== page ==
in dangered species ?

Discussion in 'Environment' started by sam111, Feb 9, 2012.

  1. sam111
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    sam111 Member

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    I am wondering if their is a site or database that allows you to look up the endangered species/ or animals/species population data.

    I am wondering how the national parks ... like yellow stone ,...etc know when a certain animal is endangered or how they collect/ know for sure they are accurate.

    For example Panda Bears are one animal that is on the endangered species list.
    I am curious how they know this for sure and if their is a way to measure/get the population data of certain animals in certain regions.

    Any environmentalist out their that can shed some light on this.
    I am very interested in how one can gather data accurately on animals?
    For people we can easily use surveys and tax forms to get a rough estimate on human population. (at least humans are a little easier to keep track of normally)
    But when it comes to animals seems to me it would be nearly impossible.... and nearly impossible to know if an animal is on the in dangered species list or not.... or weather it is going to be.
     
    Last edited: Feb 9, 2012
  2. Old Rocks
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  3. Mr. H.
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    Mr. H. Diamond Member

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  4. sam111
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    sam111 Member

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    Thanks your link explains most of what I wanted to know
    Your link

    But going by sampling in a small region the amount of particular animals doesn't always mean you are going to get a good approx. in the large always.

    For example if you counted how many ants in a 10ft by 10ft area approx. You cann't just say an accurate number of ants for all of a particular town or state would be just multiplying
    a 10ftx10ft area by a larger factor ...etc

    To put it interms of human population if we counted all the people in a Wyoming based town/state got an average we could not use that number and multiply it to get an accurate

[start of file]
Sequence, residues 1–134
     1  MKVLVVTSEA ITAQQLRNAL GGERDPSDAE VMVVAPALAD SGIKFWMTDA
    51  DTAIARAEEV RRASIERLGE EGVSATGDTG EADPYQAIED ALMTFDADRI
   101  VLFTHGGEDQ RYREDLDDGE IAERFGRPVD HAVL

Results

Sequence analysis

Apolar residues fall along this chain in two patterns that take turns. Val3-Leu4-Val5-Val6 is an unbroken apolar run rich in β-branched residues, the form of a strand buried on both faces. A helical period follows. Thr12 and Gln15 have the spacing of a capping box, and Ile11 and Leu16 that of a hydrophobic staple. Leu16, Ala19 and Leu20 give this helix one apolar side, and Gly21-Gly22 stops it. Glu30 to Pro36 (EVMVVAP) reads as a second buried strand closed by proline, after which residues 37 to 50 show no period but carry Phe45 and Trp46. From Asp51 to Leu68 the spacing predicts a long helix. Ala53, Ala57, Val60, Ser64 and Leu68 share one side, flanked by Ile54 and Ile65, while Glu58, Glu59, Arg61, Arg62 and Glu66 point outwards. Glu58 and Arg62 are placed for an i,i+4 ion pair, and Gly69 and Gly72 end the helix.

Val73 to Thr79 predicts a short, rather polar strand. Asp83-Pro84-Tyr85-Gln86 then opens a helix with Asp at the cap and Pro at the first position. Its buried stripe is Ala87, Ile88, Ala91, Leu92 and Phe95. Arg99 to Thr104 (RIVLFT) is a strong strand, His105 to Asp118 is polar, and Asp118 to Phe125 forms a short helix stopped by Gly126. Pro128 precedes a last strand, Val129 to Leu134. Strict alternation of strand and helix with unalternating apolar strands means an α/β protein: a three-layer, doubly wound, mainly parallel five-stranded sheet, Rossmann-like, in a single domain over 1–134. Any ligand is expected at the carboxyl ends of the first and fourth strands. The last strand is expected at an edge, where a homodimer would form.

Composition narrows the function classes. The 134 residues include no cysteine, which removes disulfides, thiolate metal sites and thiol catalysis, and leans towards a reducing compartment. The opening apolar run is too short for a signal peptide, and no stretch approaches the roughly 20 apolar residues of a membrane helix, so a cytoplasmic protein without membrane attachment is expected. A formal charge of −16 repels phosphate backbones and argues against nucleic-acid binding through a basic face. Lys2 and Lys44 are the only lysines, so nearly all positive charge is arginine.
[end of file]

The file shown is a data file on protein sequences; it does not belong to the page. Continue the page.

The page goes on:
approx of the whole population of people in the US or in the world....etc

    The point is human population is more dense in certain areas and I would assume animal population in alot of cases would be no different.

    So with out a group of people assigned to count a specific region latitude/longitudes their would be no way to get a good density count. ANd with out a density count you would only have a very simple population measure that is not very accurate in most cases and wouldn't apply in most cases.

    Think about if I wanted to see how many ants lived in Antarctic (their is probably none) but the approx. method would say multiply number of ants in 10ftx10ft by a factor of how big the region is. (this is a stupid example that could easily be cleared up by experimenting on one ant to see what climate it could live in and factor that in.... but the point is still their)
     
    Last edited: Feb 9, 2012
  5. Old Rocks
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    The whole point of environmental studies is that differant species have niches that require differant kinds of environments. So your 10' X 10' plot is good only if the two areas are the same in almost all respects. That is why real environmental studies require much time and effort.
     
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    skookerasbil Gold Member

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    [ame=http://www.amazon.com/gp/product/1936488493/ref=as_li_qf_sp_asin_tl?ie=UTF8&tag=votecom&linkCode=as2&camp=1789&creative=9325&creativeASIN=1936488493]Amazon.com: The Greatest Hoax: How the Global Warming Conspiracy Threatens Your Future (9781936488490): Senator James Inhofe: Books[/ame]
     
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    Manaus is one of the host cities for the 2014 Fifa World Cup in Brazil...
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    Hmmm, same thing happened to a couple of my dad's ol' drinkin' buddies...
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    Brazil not doin' much of a job of protectin' rainforest...
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